As its name might suggest, maDCap is an eclectic, experimental, and entertaining series of podcasts developed and produced by DC natives Daniel Bloom and David Ross.
The premise is simple enough: Bloom, Ross, and their team interview individuals they find compelling. The subjects are as wide-ranging as the interviews themselves: they include the local (Washington Post music critic Chris Richards and PoPville creator Dan Silverman) but often go beyond DC (Aisha Tyler, Tame Impala’s Kevin Parker, and, most recently, Afrika Bambaataa).
We spoke to Bloom and Ross on how it all began, where it’s going, and what has inspired them along the way.
Q: What inspired you to start maDCap?
Daniel Bloom: David and I know each other through a mutual friend. The show started as a vehicle for David’s commentaries, with me producing. I knew he was a great writer, so I would bring him into the studio then edit the pieces for clarity and post them on my website.
When David branched out to writing sketch comedy, I started voicing some roles. Then, when David booked our first-ever guest, he asked me to be a full-time voice on the show. We’ve been working this way for almost two years now and we were blessed to add a stellar third producer, Efim Shapiro, over a year ago.
Q: What’s the biggest challenge you faced starting out?
David Ross: The biggest challenge for me was staying motivated and quieting voices on the sidelines. Way too often I allow some miscellaneous voice in my ear to misroute my confidence in something. We both believe in the show…Early on I’d lose sight of this and my brain would belittle what we were up to.
Daniel Bloom: …At the start of 2014, I focused on standardizing our running time to a full hour and setting a release schedule of one show per week. Although this is a very demanding pace for a staff of just three people, it’s been so satisfying to let our unheard interviews finally see the light of day and turn new interviews around quickly. One of the interviews that sat on our shelf the longest was an hour with the UK dubstep producer Skism, which shot into our top ten listened-to interviews in a week.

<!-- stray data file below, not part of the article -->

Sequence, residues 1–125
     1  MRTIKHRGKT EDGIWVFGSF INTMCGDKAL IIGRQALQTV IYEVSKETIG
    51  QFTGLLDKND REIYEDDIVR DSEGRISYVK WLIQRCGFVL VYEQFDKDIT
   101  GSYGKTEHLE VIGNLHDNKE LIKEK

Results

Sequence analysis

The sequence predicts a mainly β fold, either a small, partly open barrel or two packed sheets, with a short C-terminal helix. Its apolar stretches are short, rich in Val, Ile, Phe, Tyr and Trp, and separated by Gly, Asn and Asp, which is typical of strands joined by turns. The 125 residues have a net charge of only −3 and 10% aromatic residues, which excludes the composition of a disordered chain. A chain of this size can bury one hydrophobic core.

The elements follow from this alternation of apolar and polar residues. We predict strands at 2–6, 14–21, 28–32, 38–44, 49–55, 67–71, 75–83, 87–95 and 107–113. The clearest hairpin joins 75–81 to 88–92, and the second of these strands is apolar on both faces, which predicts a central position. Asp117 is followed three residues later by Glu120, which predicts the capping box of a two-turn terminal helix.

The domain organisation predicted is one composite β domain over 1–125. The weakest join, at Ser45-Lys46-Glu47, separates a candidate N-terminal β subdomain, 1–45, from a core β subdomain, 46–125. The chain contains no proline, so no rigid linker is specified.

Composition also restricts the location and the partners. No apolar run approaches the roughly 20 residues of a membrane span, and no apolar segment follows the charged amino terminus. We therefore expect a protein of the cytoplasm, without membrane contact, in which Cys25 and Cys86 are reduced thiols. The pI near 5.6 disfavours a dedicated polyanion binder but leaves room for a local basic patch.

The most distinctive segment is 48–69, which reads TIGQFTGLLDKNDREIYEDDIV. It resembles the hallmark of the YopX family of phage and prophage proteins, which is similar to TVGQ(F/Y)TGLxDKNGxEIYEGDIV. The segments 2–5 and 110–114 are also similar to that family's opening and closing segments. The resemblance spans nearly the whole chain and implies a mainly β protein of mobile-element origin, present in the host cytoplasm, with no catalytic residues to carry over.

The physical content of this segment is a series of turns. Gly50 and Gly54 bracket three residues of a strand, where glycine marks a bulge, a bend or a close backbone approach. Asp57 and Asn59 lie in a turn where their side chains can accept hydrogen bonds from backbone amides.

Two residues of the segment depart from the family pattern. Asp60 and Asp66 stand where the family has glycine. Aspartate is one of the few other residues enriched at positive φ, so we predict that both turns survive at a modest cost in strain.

Q: What inspires you about DC?
David Ross: Everything…All cultures can thrive in this area. Is it perfect? Nah. But I’ve wandered around a bit, and I choose this place for its intelligent and progressive individuals.
Daniel Bloom: …David and I are both natives to the area, so DC has always been an inspiring place for us. My parents are artists who founded Dance Place, where I saw an immense amount of music and dance growing up. My mom, Carla Perlo, still runs the place and brought me up within the local arts community. Because of my background, DC has never felt like a stuffy place to me…but I also love politics, global culture and intellectual discourse, which runs through this city like lifeblood.
Q: What are your thoughts about the current state of talk radio in DC?
Daniel Bloom: DC has some excellent talk radio. Kojo Nnamdi of WAMU is one of my favorites. I particularly love The Politics Hour on Fridays with Tom Sherwood. I’ve also loved WPFW Jazz & Justice radio for many years, and Dave Zirin just launched an exciting new show there. I also listen to The Tony Kornheiser show every single day even though I barely care about sports, because hearing Tony complain in my ear is strangely comforting. We would love to get more involved in traditional radio in the area.
Q: What do you think is the future of radio?
David Ross: As for the future of radio, I think the best programs are headed the Snap Judgement (and maDCap of course!) route. Audio art is what the suits call it. In terms of how people hear it, it’ll be with their phones and other mobile devices.